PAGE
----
LONDON — Welcome to Eastminster?
After hosting record-breaking athletes and jubilant crowds, east London's Olympic Park could find its next tenants are British lawmakers who may have to temporarily quit their storied home amid major repairs to the centuries-old complex.
House of Commons lawmaker John Thurso told colleagues Thursday that officials are considering how best to handle badly needed improvements at the Palace of Westminster to remove asbestos, improve weatherproofing and upgrade electric supplies and water.
He said about 1 billion pounds ($1.6 billion) of repairs had already been delayed. The medieval Palace of Westminster hosted legislative sessions from around the 13th century, but became Parliament's permanent home only in the 16th century after King Henry VIII moved out. Although the 900-year-old Westminster Hall is still in place, most other buildings in the complex were rebuilt after a major fire in 1834.
Both the House of Commons and the House of Lords — Britain's unelected upper chamber — meet at the palace, hosting Queen Elizabeth II once a year in a lavish ceremony.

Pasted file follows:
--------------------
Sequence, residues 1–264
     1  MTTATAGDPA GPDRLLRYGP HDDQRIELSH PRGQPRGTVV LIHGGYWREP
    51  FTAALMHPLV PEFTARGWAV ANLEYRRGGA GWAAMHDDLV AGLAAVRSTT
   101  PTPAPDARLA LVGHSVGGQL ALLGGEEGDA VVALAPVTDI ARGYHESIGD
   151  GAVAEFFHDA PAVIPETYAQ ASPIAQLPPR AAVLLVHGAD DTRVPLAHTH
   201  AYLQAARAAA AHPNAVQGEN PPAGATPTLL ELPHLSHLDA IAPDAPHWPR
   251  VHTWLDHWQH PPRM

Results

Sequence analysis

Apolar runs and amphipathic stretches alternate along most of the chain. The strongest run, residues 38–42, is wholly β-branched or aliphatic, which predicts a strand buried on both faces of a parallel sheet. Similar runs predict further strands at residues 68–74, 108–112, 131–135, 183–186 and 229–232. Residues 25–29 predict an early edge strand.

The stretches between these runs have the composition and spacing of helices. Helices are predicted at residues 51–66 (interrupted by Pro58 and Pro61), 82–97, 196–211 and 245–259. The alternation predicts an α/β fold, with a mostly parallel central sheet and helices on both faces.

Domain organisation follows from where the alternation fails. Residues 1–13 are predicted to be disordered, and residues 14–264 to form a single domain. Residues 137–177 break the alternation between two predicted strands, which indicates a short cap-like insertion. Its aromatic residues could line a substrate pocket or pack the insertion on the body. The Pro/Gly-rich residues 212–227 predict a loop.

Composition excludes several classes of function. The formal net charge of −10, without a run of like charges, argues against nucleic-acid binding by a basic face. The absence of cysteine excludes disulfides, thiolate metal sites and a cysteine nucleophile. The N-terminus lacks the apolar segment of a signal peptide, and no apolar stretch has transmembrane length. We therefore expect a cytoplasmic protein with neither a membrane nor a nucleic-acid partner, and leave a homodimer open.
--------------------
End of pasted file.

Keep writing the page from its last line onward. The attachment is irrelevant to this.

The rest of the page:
Lawmakers last moved from their traditional chambers when bombs fell on Parliament during World War II, setting the Commons on fire. Legislators returned only in 1950, after the House of Commons was rebuilt.
Thurso said if lawmakers left Westminster and held sessions elsewhere, the repairs could likely be completed in two to three years. Trying to carry out improvements during Parliament's vacation periods would stretch the work to at least 10 years, he said.
"I have found that it is usually better to take two or more years and get the job done than to be inconvenienced and unable to work properly for 10 years," said Thurso, who formerly worked as a hotelier.
Meg Hillier, a lawmaker with the opposition Labour Party, urged legislators to relocate to the now-vacant media center at Olympic Park. She represents Hackney South and Shoreditch, close to the Olympic Park.
Conservative lawmaker Michael Fabricant insisted that Birmingham in central England, Britain's second largest city, should host Parliament during any break from London.
Thurso said all options for a possible relocation "can be placed on the table."
"Such a project would be a major undertaking and a final decision will not be taken for some time," he told the House of Commons.
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